Cuboid Syndrome – Causes, Symptoms, Treatment & Exercises

Cuboid syndrome also known as cuboid subluxation. It is a common foot injury found in athlete & belle dancers.

What is cuboid bone?

Cuboid is one of the five bones that together make up the midfoot others are navicular and three cuneiform bones.

It is cube shaped and found in outer side of midfoot. Posteriorly it connects with calcaneus bone while anteriorly it forms a joint with fourth & fifth metatarsals.

Function of cuboid bone

Cuboid bone plays an important role in providing stability to outer side of midfoot. It stabilise foot and along with other midfoot bones distributes the weight of body to help people walk comfortably.

Cuboid Bone Anatomy

What is cuboid syndrome?

Severe trauma, ankle sprain or repetitive physical activities of foot leads to the subluxation (partial dislocation) of this bone resulting into dull aching pain around outer side of midfoot and difficulties in walking. This condition of subluxation is also known as cuboid syndrome.

This condition is also commonly known as cuboid subluxation, cuboid fault syndrome, blocked cuboid, lateral plantar neuritis and dropped cuboid.

During walking or running, lower leg muscles go under certain movements causing contraction of muscles like peroneus longus. This contraction puts stress on small bones of midfoot & surrounding tissues, especially on cuboid bone.

When these forces are excessive and beyond the limit of what this small bone & its surrounding tissue can tolerate, a tear in these tissues may occur resulting into abnormal alignment of cuboid bone causing subluxation.



Sprained ankle 

Ankle sprain can also be a cause of dropped cuboid. Especially an inversion sprain of ankle, where ankle along with the foot excessively turns inward.

Repetitive Movements of lower leg muscles 

Repetitive contractions of lower leg muscles can put extra stress on soft tissues that hold cuboid bone in place & may lead to its tear resulting into subluxation of bone.

Sever injuries 

Apart from sprained ankle other foot injuries involving middle part of foot may cause tear of connective tissues resulting in to cuboid fault.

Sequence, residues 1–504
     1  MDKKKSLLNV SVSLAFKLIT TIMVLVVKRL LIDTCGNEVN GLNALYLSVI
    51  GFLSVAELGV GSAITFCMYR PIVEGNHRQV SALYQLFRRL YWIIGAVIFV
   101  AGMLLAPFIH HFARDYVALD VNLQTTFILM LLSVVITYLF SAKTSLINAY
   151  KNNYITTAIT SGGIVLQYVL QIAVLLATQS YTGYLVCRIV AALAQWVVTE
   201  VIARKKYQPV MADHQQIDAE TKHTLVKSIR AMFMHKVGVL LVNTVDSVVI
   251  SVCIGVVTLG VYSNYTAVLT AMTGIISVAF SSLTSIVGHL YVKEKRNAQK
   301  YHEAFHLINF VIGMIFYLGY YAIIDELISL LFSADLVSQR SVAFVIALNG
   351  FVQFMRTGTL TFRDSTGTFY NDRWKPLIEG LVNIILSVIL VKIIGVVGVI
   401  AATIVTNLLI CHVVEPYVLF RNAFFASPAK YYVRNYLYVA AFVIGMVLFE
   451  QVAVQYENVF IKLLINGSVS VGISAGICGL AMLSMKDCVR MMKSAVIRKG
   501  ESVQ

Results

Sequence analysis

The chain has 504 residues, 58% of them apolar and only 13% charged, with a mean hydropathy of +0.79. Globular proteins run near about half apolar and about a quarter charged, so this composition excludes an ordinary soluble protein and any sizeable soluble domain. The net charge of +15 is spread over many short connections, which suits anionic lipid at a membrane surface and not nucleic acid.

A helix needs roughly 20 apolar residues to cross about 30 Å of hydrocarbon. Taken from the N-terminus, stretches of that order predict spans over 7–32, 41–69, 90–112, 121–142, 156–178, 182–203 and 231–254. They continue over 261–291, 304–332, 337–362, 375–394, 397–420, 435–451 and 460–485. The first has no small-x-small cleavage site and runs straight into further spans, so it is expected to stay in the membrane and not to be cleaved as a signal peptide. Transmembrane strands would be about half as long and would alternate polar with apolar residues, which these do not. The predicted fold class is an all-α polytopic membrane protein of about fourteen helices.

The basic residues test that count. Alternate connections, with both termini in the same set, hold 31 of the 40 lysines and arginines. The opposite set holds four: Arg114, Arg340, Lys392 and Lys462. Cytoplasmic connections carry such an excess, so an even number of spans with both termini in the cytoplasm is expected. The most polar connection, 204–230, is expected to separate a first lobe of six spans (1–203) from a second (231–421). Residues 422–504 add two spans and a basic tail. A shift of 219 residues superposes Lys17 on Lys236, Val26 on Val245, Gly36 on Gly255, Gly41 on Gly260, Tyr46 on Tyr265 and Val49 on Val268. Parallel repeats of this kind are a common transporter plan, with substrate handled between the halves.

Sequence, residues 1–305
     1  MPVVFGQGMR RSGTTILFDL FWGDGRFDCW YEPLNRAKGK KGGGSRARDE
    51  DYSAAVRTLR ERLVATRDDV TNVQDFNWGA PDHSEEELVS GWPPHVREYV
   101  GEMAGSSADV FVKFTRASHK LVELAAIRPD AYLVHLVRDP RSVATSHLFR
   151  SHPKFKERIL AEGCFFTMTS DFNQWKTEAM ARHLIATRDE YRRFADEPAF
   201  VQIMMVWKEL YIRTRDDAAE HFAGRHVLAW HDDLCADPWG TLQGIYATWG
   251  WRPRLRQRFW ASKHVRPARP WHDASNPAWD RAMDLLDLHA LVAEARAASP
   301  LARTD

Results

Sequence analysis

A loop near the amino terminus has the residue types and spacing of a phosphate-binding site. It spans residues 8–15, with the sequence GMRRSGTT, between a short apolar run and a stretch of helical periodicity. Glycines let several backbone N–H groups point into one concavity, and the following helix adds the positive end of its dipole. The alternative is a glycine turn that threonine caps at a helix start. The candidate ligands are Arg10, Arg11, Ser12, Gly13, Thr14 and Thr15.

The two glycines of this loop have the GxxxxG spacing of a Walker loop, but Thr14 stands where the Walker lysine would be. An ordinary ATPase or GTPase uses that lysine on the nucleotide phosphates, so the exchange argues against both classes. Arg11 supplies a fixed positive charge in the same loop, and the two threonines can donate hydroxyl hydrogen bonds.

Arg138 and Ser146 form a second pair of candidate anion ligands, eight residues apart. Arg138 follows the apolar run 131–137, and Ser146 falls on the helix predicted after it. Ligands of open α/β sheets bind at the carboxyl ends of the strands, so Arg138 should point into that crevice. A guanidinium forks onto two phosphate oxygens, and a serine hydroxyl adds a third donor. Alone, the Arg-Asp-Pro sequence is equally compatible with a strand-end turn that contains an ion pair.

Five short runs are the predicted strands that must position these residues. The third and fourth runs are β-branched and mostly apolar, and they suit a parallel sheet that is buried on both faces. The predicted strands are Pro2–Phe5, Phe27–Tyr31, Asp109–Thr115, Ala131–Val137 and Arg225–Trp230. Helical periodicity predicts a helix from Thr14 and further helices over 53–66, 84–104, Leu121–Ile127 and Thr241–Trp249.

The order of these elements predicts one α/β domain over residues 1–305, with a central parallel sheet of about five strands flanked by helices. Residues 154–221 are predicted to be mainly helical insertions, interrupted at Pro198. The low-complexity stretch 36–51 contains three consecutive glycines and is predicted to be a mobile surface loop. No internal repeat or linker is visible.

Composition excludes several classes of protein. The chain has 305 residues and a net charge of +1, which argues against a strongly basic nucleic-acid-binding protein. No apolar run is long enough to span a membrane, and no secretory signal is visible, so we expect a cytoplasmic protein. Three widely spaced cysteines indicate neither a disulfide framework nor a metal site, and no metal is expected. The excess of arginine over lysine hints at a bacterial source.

Dancing & Running 

A repetitive dancing move (especially in belle dancing) that puts pressure on foot can cause this problem. Running bare foot may also lead to altered biometrics of foot and lead to dull aching pain middle part of foot.

Cuboid Syndrome Symptoms

This syndrome represents some typical symptoms like

  1. Acute or chronic dull aching pain at later side of foot.
  2. Difficulties in walking
  3. Pain increase when a patient start to walk of put pressure on foot.
  4. Pain usually reduces after complete rest.
  5. Lateral part of foot becomes tender to touch, red and swollen.
  6. Some patient may walk on their toes to avoid weight & pressure on cuboid bone.

Diagnosis of dropped cuboid

It is often possible to misdiagnosis this syndrome as even advanced imaging sometimes fails to provide a clue to subluxation of cuboid.

After thorough examination of foot, your doctor may ask you to undergo advanced imaging to see if there is cuboid fracture or just a subluxation. Advanced imaging is useful to rule out the other causes of foot pain.

Usually simple x-ray of foot cannot able to capture of small fracture in bone so MRI might be advised. Recent history of ankle sprain & co-relation of clinical findings with MRI report can confirm the diagnosis.

One can consider cuboid syndrome if pain does not subside for more than three months following an inversion ankle sprain.

Cuboid Syndrome Treatment


Relocation or manipulation of cuboid bone is the most important part of treatment. It involves relocation dislocated cuboid bone to its anatomically proper position.

This procedure involves a fast thrust that push dislocated cuboid bone to its original position. This procedure must be carried out by only trained professionals like podiatrist, orthopaedic doctor etc. & should never be tried in home.

Once the manipulation is over, other part of supportive treatment should be started.


No wonder rest is first choice of supportive treatment for any foot ailment.

Rest prevents excessive stress being put on the foot bones and help body to heal the injured connective tissues surrounding cuboid bone.

If complete bed rest is not possible, one can use crutches or wheelchair to avoid pressure of cuboid bone.

Ice pack application 

Application of ice compressions to affected are can help to reduce congestion, swelling and pain.

Place a thin towel over foot and apply ice cold compressions to the mid part of outer foot. Keep it for 5 to 6 minutes at a time then remove and repeat for three times a day.

Compression bandage 

Compression bandage can be used to minimize movement of foot.

After applying compression bandage, elevation of affected leg and rest is useful for speedy recovery.

Cuboid Syndrome Taping & Padding 

Taping is useful to stabilize cuboid bone and allows soft tissues to recover by minimizing movement of ankle and foot.

Wedge or padding can used to support cuboid bone which will help to prevent recurrence of subluxation in future.


Orthotics provides support to foot and can be worn inside of shoe. It helpful for proper alignment of foot bones & reduces over-pronation of foot.


During acute phase of injury, exercises should not be practiced to avoid aggravation of pain and inflammation of soft tissues.

Once healing process starts and pain subsides, you should start exercise for strengthening


References +

1. Sports Health. 2011 Nov; 3(6): 514–519.  
2. How To Treat Cuboid Syndrome in Athlete – Podiatrytoday – Volume 17 – Issue 10 – October 2004 (By Mark A. Caselli, DPM, and Nikiforos Pantelaras, DPM)  

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